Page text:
Alternatively, wooden blinds are an option, bringing a sophisticated old-school vibe to the kitchen table. Though they are a fair bit heavier, requiring a bit of muscle to get moving, the clatter they make as they rise and fall is very satisfying. Being made from light yet sturdy Basswood, these slats can be stained like any other wood and can come up to 50mm, meaning they block out more light than the traditional slat size.
Finally, we have our faux wood. Now I can hear you snickering from here. Why faux wood? Why not REAL wood? Well, I’ll tell you, you snob. Faux wood is cheaper, more resistant to long-term wear, and besides being ever so slightly heavier, it is almost identical in every way. So if your friends are total snobs too and you are worried about what they will think, don’t worry, they won't know. You will just have to live with yourself is all.
But why should you get a Venetian in the kitchen? Mainly because of the materials used. They are hardwearing, resistant to the heat and moisture that frequently fill the kitchen and are incredibly easy to clean. If you are flinging marinara sauce around like an absolute savage then never fear, all you need is to grab a damp cloth and give it a 2-second wipe. Done.
Finally, we will briefly touch on perfect fit blinds. These are a bit of an odd one, made for very specific windows. Many kitchens have bifold doors leading out to the garden or conservatory, which are hard to cover and a roller blind would do an imperfect job at best. These blinds instead have a unique frame that allows them to slot right into the beading of the window rather than relying on brackets that put annoying holes in the wall. This means that bifold doors, conservatory windows and windows with outrageous and awkwardly placed handles can be covered perfectly. They utilise an aluminium slat-like a Venetian, giving you the same light control properties but with added convenience. For more information about how to cover patio doors, french doors and bifolds - have a read of this article here.
Now, this is the fun part, the bit that really steams my pudding. Styling! Looking at your space and working out what blind will look tasty and how to serve it up. Now, these are just ideas, you probably know far better than I as to what will suit your space but heed my advice, for I am a blogger which instantly makes me super qualified. I’ll just go through some generic decor examples and we will see if anything fires up the imagination. Obviously, if you know by now anyway just skip this and go order your blind right now!
Modern and Shiny
You know what I mean by modern. Sharp lines, sleek angles, restrained colour palette and cold materials like marble, tiling and stainless steel. These kitchens rely on a more minimalist approach, so the blinds should reflect this. In a space like this, an aluminium Venetian or simple roller are your two best options. They both have strong geometric shapes (lots of little rectangles and a big old square respectively) and a simple yet striking aesthetic. Both come in a large variety of colours, so why not add a splash of colour to your kitchen with one of our striking red roller blinds?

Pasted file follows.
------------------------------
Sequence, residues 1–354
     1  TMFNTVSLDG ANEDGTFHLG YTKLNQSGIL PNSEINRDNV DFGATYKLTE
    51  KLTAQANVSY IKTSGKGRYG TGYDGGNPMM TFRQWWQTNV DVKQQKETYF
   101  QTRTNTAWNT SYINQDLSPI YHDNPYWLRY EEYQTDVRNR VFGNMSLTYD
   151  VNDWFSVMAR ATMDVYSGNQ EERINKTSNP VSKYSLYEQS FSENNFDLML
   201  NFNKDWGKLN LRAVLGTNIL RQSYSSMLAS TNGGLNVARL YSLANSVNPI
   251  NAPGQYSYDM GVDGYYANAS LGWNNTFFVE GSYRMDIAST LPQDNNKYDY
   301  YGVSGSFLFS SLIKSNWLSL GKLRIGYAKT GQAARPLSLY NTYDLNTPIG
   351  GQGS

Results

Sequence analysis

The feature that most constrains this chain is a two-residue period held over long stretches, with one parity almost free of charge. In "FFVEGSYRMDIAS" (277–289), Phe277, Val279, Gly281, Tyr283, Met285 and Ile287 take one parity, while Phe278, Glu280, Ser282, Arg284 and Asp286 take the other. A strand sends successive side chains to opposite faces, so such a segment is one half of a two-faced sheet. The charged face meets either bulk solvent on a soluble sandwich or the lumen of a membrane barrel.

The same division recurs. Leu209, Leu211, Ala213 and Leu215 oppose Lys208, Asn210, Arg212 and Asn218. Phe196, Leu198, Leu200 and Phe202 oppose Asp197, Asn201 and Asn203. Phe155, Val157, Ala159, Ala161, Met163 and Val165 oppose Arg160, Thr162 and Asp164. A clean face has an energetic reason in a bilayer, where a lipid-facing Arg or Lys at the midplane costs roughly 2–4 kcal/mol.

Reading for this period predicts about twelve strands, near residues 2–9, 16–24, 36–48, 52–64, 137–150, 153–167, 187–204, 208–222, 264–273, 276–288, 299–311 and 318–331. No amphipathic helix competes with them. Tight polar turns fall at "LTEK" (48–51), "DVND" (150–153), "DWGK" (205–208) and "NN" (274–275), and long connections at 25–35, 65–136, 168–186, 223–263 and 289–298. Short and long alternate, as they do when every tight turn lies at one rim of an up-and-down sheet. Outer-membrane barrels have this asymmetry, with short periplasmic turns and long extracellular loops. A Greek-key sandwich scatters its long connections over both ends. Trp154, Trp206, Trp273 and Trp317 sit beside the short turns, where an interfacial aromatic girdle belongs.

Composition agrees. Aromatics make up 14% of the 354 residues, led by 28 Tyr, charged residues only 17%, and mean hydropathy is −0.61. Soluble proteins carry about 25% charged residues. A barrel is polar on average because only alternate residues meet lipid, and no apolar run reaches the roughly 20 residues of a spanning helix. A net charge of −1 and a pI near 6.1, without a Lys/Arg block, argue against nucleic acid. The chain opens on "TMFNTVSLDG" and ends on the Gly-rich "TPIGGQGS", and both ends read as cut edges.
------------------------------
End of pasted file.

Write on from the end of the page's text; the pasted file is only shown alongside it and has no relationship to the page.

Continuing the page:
This is the kind of kitchen that feels like it belongs in a cute little country cottage. Featuring a warm colour palette full of neutral tones like creams and browns, wood furnishings and adorable little knick-knacks dotted around the place. In a space like this, where a rustic yet homely vibe is the aim, we would recommend something like a roman blind. With thick fabric that shields you from the cold window pane and a large selection of colours, you can find either a subtle piece that slots into the existing style or something a bit more boisterous to match your sparkling personality. Alternatively, if you want to keep your natural light, try a voile that keeps the space gently illuminated throughout the day.
Like a 60’s kitchen, replete with charming pastels tones, noisy patterns throughout the tiling and linoleum, and colourful, old-timey appliances. These spaces thrive on colour and personality, so your blind is yet another opportunity to indulge in it. Your first point of call would be a bold roller, and there is plenty to choose from. Either a solid block of pastel colour, like some of the Burst range.
So these are all some very basic ideas, and while none of them may fit your specific space they might give you some ideas. Now all that is left is to actually measure your window, place your order, preheat your expectations to 200 degrees and get ready for that delicious blind to be served piping hot with a side serving of great customer service and highly strained metaphors.